For the correct answer and an explanation, see the Answers section.

Question 2
To minimize redundancy and simplify maintenance, you decide to implement the business rules in COM components that MTS hosts. After you have developed and tested the COM DLLs in VB, how do you make them available to both Windows and Web clients?

  1. Install your component DLLs on the Windows clients and the Web server. Use regsvr32.exe to register the components on each machine. Package the DLLs in .cab files and download them to the browsers via OBJECT tags in your private Web pages. Call the DLLs directly from your application code.
  2. Install the component DLLs on MTS. Export a client package file from MTS and run the client package executable on the Web server and each Windows client. Instantiate each object that your components expose using the VB or VBScript CreateObject statement.
  3. Create an installation package using the Visual Studio Package and Deployment Wizard. Include in your package the COM DLLs, the MTS runtime engine, and support files. Install the package on all Windows clients and the Web server. Each client will have its own instance of MTS for best performance.

For the correct answer and an explanation, see the Answers section.

Question 3
To improve MTS component performance, how should you write your objects so that they can retrieve and update expense information with a minimum of network traffic?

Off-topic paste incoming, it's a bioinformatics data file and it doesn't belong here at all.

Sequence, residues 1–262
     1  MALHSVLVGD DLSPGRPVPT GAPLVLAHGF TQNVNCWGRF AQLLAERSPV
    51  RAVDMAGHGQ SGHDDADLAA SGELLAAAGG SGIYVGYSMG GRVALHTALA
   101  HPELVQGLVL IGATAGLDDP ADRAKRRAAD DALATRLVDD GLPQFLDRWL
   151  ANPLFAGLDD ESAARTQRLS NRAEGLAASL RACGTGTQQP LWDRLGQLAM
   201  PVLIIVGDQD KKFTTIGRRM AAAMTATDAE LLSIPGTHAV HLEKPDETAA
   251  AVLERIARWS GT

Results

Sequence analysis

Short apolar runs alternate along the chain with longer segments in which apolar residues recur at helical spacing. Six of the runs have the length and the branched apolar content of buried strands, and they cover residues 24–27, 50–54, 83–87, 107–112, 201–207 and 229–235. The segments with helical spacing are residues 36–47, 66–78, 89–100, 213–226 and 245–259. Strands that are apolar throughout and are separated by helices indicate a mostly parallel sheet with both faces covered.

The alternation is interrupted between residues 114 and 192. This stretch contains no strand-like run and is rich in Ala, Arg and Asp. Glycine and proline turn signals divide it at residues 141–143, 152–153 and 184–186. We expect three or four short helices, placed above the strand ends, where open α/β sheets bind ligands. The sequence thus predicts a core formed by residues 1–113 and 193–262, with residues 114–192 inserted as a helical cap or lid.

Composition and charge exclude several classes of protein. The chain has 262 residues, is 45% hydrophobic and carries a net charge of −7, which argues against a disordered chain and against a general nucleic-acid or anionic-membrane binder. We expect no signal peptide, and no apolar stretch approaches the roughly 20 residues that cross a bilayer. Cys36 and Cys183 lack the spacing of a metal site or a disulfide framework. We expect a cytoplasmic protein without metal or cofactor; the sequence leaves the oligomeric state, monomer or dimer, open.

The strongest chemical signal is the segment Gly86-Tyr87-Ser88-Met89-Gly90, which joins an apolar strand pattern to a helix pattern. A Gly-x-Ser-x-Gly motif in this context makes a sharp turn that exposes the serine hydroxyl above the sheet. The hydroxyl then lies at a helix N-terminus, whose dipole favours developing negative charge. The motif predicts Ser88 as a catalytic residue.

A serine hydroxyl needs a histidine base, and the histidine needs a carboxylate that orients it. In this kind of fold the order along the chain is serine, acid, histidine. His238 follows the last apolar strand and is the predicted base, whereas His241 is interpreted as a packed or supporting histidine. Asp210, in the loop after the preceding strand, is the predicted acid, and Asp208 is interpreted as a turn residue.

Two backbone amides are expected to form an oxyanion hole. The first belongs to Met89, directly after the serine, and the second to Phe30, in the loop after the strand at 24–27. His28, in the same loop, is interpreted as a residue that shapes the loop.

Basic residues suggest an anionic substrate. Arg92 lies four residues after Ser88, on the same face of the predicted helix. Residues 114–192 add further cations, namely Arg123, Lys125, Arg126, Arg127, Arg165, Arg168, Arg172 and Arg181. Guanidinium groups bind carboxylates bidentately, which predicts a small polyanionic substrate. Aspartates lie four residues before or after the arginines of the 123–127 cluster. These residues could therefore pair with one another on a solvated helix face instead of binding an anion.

1. Write them as individual object properties read and set using client-side Object.Property syntax—e.g., Property Get AccountId() as string.
  2. Write them as objects exposing a separate function for each parameter to be retrieved—e.g., Function FetchAccountID() as integer.
  3. Write them as objects exposing a set of properties accessed through one method call—e.g., Sub FetchExpense( byVal AccountId as string, byVal Amount as Currency).

For the correct answer and an explanation, see the Answers section.

Answers (July 28, 2000)

Answer to Question 1
The correct answer is A—Implement Secure Sockets Layer (SSL) and require digital certificates in the client browsers. Only SSL, which encrypts information that travels between a browser and a Web server, and digital certificates, which provide authentication, meet the requirements. Client-side scripting encryption (answer B) doesn't authenticate users. You can use NT Challenge/Response (answers C and D) only with IE. However, you can use Basic authentication (answer B) with Netscape browsers.

Answer to Question 2
The correct answer is B—Install the component DLLs on MTS. Doing so updates the server's Registry to redirect COM Service Control Manager calls to the component into a package ID that MTS hosts. You must update each client Registry to point to the remote MTS server. A client export package contains a small executable, a copy of the package DLL, and Registry entries. Local CreateObject statements, either in ASP VBScript or in VB code, can instantiate components on the remote MTS machine after the export package has run on the client.

Answer to Question 3
The correct answer is C—Write them as objects exposing a set of properties accessed through one method call. Marshalling one set of parameters by value reduces network traffic by minimizing the number of trips between client and server while populating object values. Individual read/write properties require multiple trips because each end updates values that have changed.